How does your garden grow?

It’s been a while since I posted anything on the gardening section of Safari of the Mind.  I just know I have to remedy that right away.  Believe me when I tell you though, it’s not as though I haven’t been posting all my hard work on social media 🙂 This year especially, I’ve been extra diligent, wanting to stay a few steps ahead of the game.  It took quite a lot of work to get both the front and back gardens cleaned up from the ravages of winter.  This past winter was pretty brutal on the East Coast and as a result, the garden needed extra sprucing in the spring time.  This post will probably be a pictorial one, sit back, relax and enjoy all the colors and vibrancy that flowers create around this time of year.

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Ready, Set, Grow!

Ahh springtime!  Re-connecting with the earth is affirming, renewing and promising.  Waking up to a new growing season, the garden is bursting with possibilities, there’s plans to be made for the new season, salvaging some of the more delicate shrubs that might need attention, trimming and clipping dead wood, fertilizing, mulching, and general clean up of the beds is first on my list of priorities.   Each year, I try to add a few new perennials to the already established flower beds.  I love sharing and dividing what I have and receiving the same from friends.   Here are some collages of what has already bloomed and some current bloomers.  If you’ve been following Safari of the Mind, you will know that about 4 years ago, we downsized and moved to the city.  Space is a premium here, but I continue to work on the flower beds both in the back and front to get it to look the way I want it to, it’s a work in progress for sure.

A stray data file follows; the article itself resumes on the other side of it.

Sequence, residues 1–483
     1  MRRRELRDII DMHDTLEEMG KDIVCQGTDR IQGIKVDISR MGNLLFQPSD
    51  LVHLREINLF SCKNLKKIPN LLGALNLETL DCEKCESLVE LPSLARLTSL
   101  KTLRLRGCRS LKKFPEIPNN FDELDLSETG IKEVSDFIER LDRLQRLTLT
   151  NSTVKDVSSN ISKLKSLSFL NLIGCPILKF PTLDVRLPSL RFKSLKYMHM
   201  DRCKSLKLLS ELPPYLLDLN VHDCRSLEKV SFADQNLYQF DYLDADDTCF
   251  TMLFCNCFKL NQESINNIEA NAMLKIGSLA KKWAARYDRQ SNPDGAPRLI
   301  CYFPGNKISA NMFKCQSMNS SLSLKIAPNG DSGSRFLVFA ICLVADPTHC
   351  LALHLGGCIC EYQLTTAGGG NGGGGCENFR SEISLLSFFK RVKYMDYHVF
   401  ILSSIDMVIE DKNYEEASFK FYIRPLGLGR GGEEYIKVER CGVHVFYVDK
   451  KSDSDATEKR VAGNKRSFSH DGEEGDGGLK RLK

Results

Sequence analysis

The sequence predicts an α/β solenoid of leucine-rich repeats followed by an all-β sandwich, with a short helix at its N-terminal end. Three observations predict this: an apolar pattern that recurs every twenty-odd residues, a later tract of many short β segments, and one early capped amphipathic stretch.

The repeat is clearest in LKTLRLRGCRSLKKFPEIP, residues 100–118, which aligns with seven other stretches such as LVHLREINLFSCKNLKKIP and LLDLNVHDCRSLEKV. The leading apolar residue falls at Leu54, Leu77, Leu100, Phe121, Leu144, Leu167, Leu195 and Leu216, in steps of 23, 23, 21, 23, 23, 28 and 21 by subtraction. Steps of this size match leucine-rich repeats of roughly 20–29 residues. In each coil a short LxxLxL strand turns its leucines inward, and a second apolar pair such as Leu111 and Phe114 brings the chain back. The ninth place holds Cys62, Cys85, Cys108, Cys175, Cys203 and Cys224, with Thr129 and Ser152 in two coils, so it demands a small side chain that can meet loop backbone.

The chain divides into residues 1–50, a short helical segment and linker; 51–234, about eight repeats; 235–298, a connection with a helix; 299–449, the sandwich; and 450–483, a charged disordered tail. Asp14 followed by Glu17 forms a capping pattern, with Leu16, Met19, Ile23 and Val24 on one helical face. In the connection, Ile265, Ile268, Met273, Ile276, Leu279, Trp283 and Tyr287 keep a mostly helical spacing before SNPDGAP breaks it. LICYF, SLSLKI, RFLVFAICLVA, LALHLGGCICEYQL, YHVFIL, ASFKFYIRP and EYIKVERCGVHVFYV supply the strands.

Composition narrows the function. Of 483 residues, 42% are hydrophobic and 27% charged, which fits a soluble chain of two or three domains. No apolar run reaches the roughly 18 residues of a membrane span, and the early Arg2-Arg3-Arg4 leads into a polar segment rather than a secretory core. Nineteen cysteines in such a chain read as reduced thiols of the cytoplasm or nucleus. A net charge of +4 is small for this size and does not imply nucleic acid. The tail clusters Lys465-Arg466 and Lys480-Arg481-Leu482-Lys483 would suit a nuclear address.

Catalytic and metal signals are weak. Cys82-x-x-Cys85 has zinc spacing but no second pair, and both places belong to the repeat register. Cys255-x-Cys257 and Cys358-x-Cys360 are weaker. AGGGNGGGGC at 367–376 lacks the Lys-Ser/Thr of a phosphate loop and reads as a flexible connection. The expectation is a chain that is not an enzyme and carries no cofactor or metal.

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The garden awakens!

I don’t want to jinx it, but this winter has been relatively mild.  I’ve yet to haul out my heavy winter coat for those frigid snowy days.  Why?  Well, there’s hardly been any snow to write home about and the temperatures haven’t dipped as low as they have in years past.  This is February for crying out loud, and we’ve flirted with temperatures in the high 60’s- 70 degrees F (20-21 degrees C) for several days.  I could easily live with winters like these.  As a matter of fact I haven’t been  whining to my husband as much as I have in the past about escaping to a tropical island.

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Color my neighborhood

With so many eye-catching Christmas posts out there, I thought I’d reflect on saying goodbye to autumn.  Autumn is my second favorite season, after spring.  It signals an end to the long dog days of summer.  It’s a season where everything transforms in the garden.  The season also known as “fall” in North America,  is a time of year when the deciduous trees shed their leaves, but not before displaying a fiery exhibit which illuminates the sky.

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